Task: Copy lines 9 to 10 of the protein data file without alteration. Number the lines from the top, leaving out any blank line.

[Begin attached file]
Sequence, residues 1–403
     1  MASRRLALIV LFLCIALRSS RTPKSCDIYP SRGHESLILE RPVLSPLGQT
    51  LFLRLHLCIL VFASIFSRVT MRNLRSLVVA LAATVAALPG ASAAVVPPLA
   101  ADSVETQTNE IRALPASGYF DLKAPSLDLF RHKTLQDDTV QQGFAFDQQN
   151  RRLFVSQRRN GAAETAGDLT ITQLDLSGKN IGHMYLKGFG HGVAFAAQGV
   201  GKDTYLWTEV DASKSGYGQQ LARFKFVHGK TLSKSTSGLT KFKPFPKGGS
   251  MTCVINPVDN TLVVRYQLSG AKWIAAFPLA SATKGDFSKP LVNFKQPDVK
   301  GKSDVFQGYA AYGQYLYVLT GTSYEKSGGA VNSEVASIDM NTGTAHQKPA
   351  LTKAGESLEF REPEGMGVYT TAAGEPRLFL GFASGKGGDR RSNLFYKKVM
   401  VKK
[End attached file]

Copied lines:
   351  LTKAGESLEF REPEGMGVYT TAAGEPRLFL GFASGKGGDR RSNLFYKKVM
   401  VKK